This morning, I woke up feeling totally overwhelmed.
This happens every once in awhile. I woke up in the middle of the night thinking about my “to-do” list, various ideas that have been forming in my mind, upcoming events on my calendar, and ways to organize so that I get everything of importance done. I’m one of those women that creates work for herself. I enjoy learning, creating, and doing things, so – when left to my own devices – I have no problem finding ways to keep myself busy. The positive side of this is that I am rarely ever bored.
The negative side of this is that I sometimes fall prey to feeling overloaded.
The feeling of overwhelm isn’t fun. It happens to everyone, and everyone responds to it differently. I generally respond by not doing anything at all. I lay down somewhere, binge watch something on Netflix and scroll through Facebook.
But that sort of response won’t get me to the place I am ultimately working toward. And if your response to overwhelm involves you avoiding the things you need to get done, it won’t get you anywhere, either.
Here is one of the ways we can get ourselves out of the rut.
Create a master list of everything that needs to be done. This will help you to get it out of your brain and onto paper (or onto whatever list making app you might be using). Creating a master list will take away the feeling that you have to remember everything all at once. Since you’ve written it down, it doesn’t have to stay in your head. Sometimes just writing a list like this makes me feel more organized.
Prioritize the tasks on your list. What are the time sensitive tasks? What tasks are harder to accomplish or will take more time to accomplish than others? What tasks are menial and not very important, but are things that you want to do anyway? What tasks can be done in a shorter amount of time? What tasks can you do by yourself? What tasks rely on the participation of others? What tasks don’t really need to be on the list? For example, I cook dinner every night, so I don’t need to write that down.
Now, it’s time to organize your task list. One of the biggest mistakes I used to make when writing my to-do lists is that I would write down 15 or 16 tasks! There isn’t enough time in the day, especially when I’m alone with a toddler (sometimes two toddlers!) to get 15 or 16 additional things completed. A better strategy is to write down 3-5 tasks to complete each day.
If you’re writing down 3 tasks a day, I would suggest completing two large tasks and one small task. If you’re writing down five tasks a day, I would write down 3 larger tasks and 2 smaller tasks.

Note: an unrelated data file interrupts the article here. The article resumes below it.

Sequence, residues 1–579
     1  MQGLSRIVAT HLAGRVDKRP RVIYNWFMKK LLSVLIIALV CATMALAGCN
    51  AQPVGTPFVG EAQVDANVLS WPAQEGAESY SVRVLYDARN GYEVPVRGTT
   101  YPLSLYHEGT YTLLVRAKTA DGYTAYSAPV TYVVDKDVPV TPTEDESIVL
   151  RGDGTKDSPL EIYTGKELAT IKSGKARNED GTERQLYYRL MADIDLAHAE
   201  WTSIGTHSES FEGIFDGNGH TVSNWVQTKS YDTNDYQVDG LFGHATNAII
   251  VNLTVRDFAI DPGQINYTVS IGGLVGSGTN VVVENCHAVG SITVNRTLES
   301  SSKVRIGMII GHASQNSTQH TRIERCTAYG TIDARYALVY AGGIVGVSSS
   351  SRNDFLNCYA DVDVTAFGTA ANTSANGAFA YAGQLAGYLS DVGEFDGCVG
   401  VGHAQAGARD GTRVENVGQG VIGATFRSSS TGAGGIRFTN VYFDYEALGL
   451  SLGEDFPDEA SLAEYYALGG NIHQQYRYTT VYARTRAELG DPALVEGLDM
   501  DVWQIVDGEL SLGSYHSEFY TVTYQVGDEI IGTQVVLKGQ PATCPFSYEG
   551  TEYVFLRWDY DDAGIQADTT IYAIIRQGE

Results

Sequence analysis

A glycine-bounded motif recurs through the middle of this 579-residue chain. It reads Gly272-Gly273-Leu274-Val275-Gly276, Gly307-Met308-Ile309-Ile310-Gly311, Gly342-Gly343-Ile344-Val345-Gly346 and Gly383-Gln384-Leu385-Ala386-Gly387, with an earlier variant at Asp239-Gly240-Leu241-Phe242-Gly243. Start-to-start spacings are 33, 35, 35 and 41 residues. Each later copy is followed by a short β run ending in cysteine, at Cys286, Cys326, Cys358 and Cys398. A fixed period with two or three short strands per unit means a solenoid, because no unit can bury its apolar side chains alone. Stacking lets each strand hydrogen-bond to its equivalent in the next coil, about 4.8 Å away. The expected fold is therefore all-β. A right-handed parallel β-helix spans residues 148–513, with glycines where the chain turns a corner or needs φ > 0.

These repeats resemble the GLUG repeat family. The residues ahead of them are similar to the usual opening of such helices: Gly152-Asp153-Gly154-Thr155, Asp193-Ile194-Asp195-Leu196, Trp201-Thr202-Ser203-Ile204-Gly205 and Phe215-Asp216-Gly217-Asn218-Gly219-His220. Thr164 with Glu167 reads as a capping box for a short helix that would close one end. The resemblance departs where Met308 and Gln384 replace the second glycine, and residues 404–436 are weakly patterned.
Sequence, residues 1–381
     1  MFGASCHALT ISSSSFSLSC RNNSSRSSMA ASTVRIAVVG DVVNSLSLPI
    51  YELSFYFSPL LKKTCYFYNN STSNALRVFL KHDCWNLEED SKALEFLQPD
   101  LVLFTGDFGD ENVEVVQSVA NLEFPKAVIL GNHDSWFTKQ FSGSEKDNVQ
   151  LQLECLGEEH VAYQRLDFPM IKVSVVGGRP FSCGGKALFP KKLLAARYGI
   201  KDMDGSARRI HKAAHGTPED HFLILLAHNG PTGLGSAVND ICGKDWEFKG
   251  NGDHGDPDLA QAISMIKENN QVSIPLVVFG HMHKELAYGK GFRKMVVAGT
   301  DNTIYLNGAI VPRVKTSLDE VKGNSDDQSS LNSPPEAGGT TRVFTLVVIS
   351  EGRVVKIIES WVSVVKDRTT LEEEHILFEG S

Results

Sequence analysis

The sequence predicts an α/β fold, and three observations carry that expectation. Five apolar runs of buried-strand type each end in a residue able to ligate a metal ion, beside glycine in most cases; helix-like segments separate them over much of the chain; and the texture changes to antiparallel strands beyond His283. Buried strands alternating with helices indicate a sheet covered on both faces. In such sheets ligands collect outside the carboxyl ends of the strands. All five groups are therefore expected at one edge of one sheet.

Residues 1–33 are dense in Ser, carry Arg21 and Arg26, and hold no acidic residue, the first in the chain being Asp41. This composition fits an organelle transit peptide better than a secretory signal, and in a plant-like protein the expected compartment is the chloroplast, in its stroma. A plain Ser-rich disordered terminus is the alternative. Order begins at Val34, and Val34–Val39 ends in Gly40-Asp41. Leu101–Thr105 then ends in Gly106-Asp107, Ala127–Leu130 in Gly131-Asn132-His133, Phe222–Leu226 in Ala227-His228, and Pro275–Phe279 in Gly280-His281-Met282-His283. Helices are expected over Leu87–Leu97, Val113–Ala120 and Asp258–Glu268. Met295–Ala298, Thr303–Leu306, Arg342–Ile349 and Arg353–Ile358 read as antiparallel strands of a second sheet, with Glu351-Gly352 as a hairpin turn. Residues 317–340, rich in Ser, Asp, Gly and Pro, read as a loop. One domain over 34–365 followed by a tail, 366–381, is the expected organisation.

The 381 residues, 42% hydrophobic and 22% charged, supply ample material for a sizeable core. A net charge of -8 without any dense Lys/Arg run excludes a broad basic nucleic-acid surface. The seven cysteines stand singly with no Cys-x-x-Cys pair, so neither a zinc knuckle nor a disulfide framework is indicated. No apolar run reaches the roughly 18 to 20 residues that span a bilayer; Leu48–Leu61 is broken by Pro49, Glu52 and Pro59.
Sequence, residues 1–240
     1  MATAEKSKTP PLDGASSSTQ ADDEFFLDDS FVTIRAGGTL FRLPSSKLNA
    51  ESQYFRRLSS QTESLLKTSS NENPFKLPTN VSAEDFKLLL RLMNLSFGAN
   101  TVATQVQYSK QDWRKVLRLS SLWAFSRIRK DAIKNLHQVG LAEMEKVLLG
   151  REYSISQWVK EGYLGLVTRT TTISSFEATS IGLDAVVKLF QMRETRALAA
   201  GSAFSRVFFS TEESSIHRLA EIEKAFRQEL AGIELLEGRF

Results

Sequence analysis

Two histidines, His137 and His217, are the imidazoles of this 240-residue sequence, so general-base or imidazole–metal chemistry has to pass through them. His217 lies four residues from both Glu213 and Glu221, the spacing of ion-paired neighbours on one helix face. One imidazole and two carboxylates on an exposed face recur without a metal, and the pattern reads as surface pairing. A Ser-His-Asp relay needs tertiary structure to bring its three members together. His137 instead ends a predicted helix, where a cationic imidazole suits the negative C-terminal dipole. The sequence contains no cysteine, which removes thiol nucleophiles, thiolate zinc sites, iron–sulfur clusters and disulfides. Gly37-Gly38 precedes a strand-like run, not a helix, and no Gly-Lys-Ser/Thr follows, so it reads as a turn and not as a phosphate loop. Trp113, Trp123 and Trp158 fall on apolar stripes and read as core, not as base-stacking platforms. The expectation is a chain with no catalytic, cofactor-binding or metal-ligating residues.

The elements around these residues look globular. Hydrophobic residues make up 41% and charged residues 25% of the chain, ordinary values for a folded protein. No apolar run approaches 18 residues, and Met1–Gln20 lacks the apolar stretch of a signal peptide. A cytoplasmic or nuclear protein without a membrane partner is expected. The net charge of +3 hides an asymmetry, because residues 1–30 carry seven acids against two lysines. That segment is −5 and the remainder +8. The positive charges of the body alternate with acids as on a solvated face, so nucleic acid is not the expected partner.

Small and Large Tasks
A small task might be something like making a phone call or sending an email. Depending on how many dishes are piled in your sink, doing the dishes or throwing in a small load of laundry can be small tasks, too.
A large task might be something like “complete the creation of symbols for the vowel sounds in a con-lang,” or “finish the next two chapters” in whatever book you’re reading or studying.
If a task is especially large, for example – “plan all of your social media for the week”- make that your only large task and then tackle a bunch of small things.
If you were packing the trunk of your car, I would tell you that it’s best to pack the large items first and fit the smaller items in around the large items. But when it comes to getting things done, I think it’s best to complete the small items first. Set up that doctor appointment. Pay that bill. Send out that birthday card. Easy. Done.
Now you can focus the rest of your day (and your energy) on the larger things – studying a new language, creating a piece of artwork, choreographing a dance, washing and folding a massive pile of laundry, decluttering your home.
If you find that you have a little extra time on your hands – get a head start on tomorrow’s smaller tasks!
I hope this was helpful! Sometimes, being able to visualize and plan tasks helps us to feel more in control and less like we are drowning.
If you need help breaking down your task list, I’m only an email (Wholeheartblog@gmail.com) or Facebook message (Whole Heart Blog) away!